@Calgary: Even the regs themselves are silent on people born outside US. I don’t think that was an oversight.
I don’t think IRS has any intention of pursuing them under FATCA. If they did, there would be a huge outcry from countries around the world.
Of course, I thought there would be a huge outcry internationally on FATCA generally, but that has not gone as I thought it would.
The outcry now is in US as IGAs are being signed forcing US banks into a much more limited information gathering on residents of other countries.
Not only will they not pursue those born in Canada of a US parent, they will not pursue a Canadian born in the US who states ‘Canadian’ when asked citizenship when opening an account. ‘Don’t ask, don’t tell’ is the MO
@Rick, thanks for letting us know about the link. Turns out the IRS has changed their website. I have found a new site, and changed the link.
The term ”United States person” means:
A citizen or resident of the United States
A domestic partnership
A domestic corporation
Any estate other than a foreign estate
Any trust if:
A court within the United States is able to exercise primary supervision over the administration of the trust, and
One or more United States persons have the authority to control all substantial decisions of the trust
Any other person that is not a foreign person.
OutragedCanadian, the link in your comment seems to have been truncated. The full link is
The top link under IRS AND US GOVT at the right side of the page also needs to be fixed.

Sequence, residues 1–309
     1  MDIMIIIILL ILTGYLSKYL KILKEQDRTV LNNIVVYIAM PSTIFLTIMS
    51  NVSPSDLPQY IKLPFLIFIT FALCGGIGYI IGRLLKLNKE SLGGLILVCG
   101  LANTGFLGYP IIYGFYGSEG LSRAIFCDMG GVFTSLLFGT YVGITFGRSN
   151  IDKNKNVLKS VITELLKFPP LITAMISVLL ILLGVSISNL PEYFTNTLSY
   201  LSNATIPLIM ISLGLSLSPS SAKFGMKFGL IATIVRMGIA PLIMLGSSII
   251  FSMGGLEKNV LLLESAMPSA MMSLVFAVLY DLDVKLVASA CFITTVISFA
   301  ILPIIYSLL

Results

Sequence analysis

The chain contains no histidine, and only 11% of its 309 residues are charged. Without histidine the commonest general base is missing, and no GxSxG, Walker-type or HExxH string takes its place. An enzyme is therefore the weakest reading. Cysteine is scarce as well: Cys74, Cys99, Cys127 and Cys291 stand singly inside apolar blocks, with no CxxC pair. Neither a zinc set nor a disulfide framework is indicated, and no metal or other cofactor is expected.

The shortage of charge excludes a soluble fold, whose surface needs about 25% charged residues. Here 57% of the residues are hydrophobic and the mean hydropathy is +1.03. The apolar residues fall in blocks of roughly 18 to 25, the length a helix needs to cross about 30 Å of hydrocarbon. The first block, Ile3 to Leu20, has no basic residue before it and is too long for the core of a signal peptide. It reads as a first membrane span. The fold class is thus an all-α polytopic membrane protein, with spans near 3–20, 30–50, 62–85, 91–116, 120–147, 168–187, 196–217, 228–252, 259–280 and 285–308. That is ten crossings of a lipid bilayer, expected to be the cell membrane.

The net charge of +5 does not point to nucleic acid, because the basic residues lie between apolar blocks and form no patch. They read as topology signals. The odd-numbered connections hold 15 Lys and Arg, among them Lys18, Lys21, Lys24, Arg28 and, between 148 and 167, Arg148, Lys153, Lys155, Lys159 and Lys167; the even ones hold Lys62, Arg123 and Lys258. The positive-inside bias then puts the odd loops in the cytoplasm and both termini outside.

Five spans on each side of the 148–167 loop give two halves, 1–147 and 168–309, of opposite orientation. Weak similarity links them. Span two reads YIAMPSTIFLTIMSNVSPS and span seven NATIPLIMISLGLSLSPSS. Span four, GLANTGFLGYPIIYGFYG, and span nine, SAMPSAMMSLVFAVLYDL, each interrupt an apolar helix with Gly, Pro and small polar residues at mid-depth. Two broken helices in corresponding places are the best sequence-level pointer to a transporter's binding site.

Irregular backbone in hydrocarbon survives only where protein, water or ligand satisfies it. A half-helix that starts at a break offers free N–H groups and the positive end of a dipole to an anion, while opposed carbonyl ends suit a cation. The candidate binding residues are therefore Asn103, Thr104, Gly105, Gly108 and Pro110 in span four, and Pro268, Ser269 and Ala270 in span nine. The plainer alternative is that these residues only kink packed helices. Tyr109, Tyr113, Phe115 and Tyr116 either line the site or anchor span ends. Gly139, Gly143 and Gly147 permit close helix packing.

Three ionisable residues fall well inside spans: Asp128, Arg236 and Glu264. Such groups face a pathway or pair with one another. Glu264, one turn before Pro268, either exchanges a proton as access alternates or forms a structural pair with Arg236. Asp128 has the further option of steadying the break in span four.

@KalC: Actually, Canadian banks cannot ask for citizenship under Canadian banking, human rights and privacy laws. Canadian citizenship certificate or passport are among the pieces of ID they can accept, but they cannot demand them.
They also cannot accept a foreign birth certificate as ID–only Canadian birth certificates.
Therein lies the dilemma for Canadian banks–and our saving grace. If they dare to ask, that is when lawsuits begin. I hope it won’t come to that.
Plus, I personally pulled any investments I had in US mutual funds out as soon as news of this hit the press in 2011, so there is no US source income for withholding.
I also will cease traveling to US after the death of my elderly mother. I would far rather stay in Canada or travel elsewhere to spend my money.
Senators Casey, Levin and Schumer, my trips have always been to my home state of Pennsylvania or nearby states of New York and Michigan.
Is this what you intended with FATCA? Less investment in US and fewer tourist dollars being spent in your states? That is what you are getting!
Thanks all for the clarifications and links. My situation is Canadian, born in Canada to an American citizen. My concerns have been assuaged by the comments here, although I realize the situation is still somewhat fluid.
@Rick: I really do think you are safe. Even if Canadian banks ask for proof of birth (which they cannot legally do!), your birth certificate is Canadian.
As I mentioned above FATCA regs do not include any direction or comment on anyone born outside US to an American parent.
There are over 550 pages of regulations. If IRS had meant to include people like yourself, I am certain they would have done that.
Note, this is my personal opinion. I have no legal or accounting qualifications. Just lots of information from trying to remain current on Mr. FATBARDT.